It seems like yesterday but it was 20 years ago last Sunday when Slava Bilic did his corny little death rattle on the lawn at Stade de France.
He had been tapped lightly on the upper chest by Laurent Blanc of France but he fell to the grass like a man hit by a baseball bat – clutching his forehead. That’s how badly the pain was radiating.
The ref went for it and showed Blanc a red card, which meant the steady French defender would miss the next match, which, as a result of the French victory, turned out to be the World Cup final.
Blanc was on the sidelines, agonizing, when Zinedine Zidane played the most beautiful final in World Cup history in a 3-0 victory over Brazil.
In those days, FIFA executives were so busy stuffing their gunnysacks that they had no time to update their product.
Nowadays, the ref would hear a voice in his earphone and would trot over to the little VAR unit at the edge of the field to see for himself that Bilic had faked it.
That was the last time Croatia was in the semifinals. On Wednesday they will be playing England in the second half of the all-European Union semifinal, after France meets Belgium on Tuesday.
The two men were familiar figures in world soccer. Both played and coached all over the place, intersecting on occasion, like 2011 when Bilic coached the Croatian national team and Blanc coached France and they met in a friendly.
The men chatted amiably, but if Bilic has ever apologized, it is between the two of them. At the time, Bilic – a lawyer, by education -- said he was afraid he would get a yellow card for faking, and miss the final, so he exaggerated his motions. After that match, he said he told Blanc he was sorry for causing him to miss the final.
“I guess I should have hit him right there,” Blanc said.
Flopping is still a plague on the sport, but enlightened physicality in the scrum is done by everybody, both sides. (Where were the Croatian defenders on the late header by Russia on Saturday? All flat-footed, as if stricken by Putin nerve gas.)
Bilic employed the tactics of the sport, for better or worse.
In the age of VAR, he just might be rewarded with a card for bad acting.
Even FIFA, with its Qatar World Cup and its threat to hold a bloated 48-team extravaganza in 2026 gets something right, once in a while.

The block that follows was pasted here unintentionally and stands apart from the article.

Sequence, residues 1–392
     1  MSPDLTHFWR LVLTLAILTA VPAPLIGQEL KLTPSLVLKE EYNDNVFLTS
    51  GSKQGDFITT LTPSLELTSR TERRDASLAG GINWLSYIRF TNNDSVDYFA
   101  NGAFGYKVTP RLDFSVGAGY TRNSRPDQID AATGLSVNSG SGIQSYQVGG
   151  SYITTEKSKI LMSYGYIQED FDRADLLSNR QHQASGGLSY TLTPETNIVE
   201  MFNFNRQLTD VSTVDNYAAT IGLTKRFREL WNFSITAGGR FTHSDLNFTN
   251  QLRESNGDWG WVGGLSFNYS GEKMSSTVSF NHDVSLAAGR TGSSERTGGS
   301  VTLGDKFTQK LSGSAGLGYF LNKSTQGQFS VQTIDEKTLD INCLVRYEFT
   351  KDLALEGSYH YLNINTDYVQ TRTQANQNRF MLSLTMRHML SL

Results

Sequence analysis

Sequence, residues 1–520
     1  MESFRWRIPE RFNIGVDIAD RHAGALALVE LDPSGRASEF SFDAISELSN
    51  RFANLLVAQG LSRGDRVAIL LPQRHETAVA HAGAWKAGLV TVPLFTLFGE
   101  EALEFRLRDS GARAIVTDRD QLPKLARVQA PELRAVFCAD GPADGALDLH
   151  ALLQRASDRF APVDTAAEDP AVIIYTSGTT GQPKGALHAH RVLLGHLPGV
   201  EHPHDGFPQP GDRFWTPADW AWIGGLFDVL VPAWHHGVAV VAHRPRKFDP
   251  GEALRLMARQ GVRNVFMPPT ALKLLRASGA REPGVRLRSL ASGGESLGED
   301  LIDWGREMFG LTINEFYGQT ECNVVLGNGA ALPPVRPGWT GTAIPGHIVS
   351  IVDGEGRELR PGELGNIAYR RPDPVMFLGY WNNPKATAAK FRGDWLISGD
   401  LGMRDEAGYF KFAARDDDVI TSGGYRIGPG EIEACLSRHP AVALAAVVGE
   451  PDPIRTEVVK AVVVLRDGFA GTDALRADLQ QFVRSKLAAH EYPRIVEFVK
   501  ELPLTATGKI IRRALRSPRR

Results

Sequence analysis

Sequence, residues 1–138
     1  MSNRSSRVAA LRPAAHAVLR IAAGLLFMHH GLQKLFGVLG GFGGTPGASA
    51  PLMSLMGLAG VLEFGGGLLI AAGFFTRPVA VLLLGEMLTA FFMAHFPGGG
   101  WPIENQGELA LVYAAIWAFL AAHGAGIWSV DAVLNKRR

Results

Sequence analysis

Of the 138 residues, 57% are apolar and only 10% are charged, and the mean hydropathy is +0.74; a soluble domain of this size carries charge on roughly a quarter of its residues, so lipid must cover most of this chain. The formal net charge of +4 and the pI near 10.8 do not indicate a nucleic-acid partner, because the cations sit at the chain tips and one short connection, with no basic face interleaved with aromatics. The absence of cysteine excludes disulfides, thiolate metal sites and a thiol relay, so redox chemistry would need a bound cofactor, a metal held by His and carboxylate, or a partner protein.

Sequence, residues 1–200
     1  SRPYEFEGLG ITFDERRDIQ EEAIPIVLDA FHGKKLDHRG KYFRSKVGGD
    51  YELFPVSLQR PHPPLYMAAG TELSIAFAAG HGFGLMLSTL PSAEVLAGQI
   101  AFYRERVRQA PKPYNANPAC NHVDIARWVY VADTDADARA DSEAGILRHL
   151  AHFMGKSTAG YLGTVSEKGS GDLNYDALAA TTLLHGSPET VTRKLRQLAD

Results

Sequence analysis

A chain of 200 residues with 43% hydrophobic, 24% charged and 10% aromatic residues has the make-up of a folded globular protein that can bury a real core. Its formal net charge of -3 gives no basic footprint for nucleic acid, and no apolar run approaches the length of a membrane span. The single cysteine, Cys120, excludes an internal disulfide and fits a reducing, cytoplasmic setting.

My 1998 column on the Bilic flop is here. It begins: "I once met a man who had died 100 times."
For other information on the Bilic-Blanc meeting:
7/9/2018 11:32:16 am
Not really germane, but if I were casting a British woman sports announcer for Saturday Night Live, I could not do better than this real person, “ A Really nice bloke.” Meanwhile, Peggy has turned into a real WC fan, she has had to relearn the game, of course, after watching me at Muhlenberg. I hung a Do Not Resusitate sign around the Mets’ figurative necks. Ciao.
7/9/2018 12:25:45 pm
Ed: Where is Kate McKinnon when we need her?
7/9/2018 12:29:14 pm
I had the same question ("Where were the Croatian defenders on the late header by Russia on Saturday? All flat-footed, as if stricken by Putin nerve gas.") and was actually starting to worry about the conspiracy theory. But then they advanced.
7/9/2018 01:25:49 pm
George & Andy - Be nice. Flat footed? Perhaps technically you are right. Those guys had played close to 120 minutes at the time. There were no slackers out there as far as I amconcerned (same opinion for many pundits I've been listening to via podcasts, etc.). Every player on both squads had given it their all but there was little "all" left at that point. That is why the next step needs to be a PK shootout. Can't wait till tomorrow (and Wednesday). Best, Michael
7/10/2018 10:42:52 am
Michael, thanks for that. I didn't mean to suggest they weren't trying; they were gassed. who wouldn't be? People keep coming up with goofus suggestions about playing til a goal, or going 7 v 7 til a score. It's all torture. You're exactly right....still, it was strange to see so many players not go up with their marks. Joe Scarborough (I seldom watch in AM, but he knows the sport) as yapping about it. He should play 120 minutes in midsummer heat. GV
7/9/2018 03:40:32 pm
Oh, right, the Mets. Wow did they break our hearts early this year. 12-2, and then the abyss. At least they find new ways to do it each year with such ingenuity.
7/9/2018 03:53:01 pm
I rooted for Eovaldi to throw a perfect game against us. It was fun, until the NYM even blew that chance.
7/9/2018 08:29:56 pm
Sorry, George, can't resist.
7/10/2018 10:49:26 am
Andy, you are on the cusp of two great sports, parking where you do.
7/10/2018 11:01:27 am
Twenty years to the day. That wasn't sports commentary; that was literature. We should send it to Stockholm. If a hermit lyricist that doesn't always make sense can snatch the Big Kahuna, then maybe it's time for a sports columnist who does (unless he gabbles in politics).
7/10/2018 10:49:47 pm
George, dunno if you noticed how I positioned my flip phone for this past preseason's "Wet Paint" shot from the Willets Point platform so that a tree would block the bank's four-letter word. :-)
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“I don’t think people understand how Covid affects older Americans,” Mr. Caretti said with frustration. “In 2020, there was this all-in-this-together vibe, and it’s been annihilated. People just need to care about other people, man. That’s my soapbox.”
---Vic Caretti, 47, whose father recently died of Covid at 85.
---From an article by Paula Span, who covers old age for the NYT, which currently has 2646 comments, the majority criticizing the American public – and public officials – for acting as if the pandemic is “over.”
Classic wishful thinking, at a lethal level.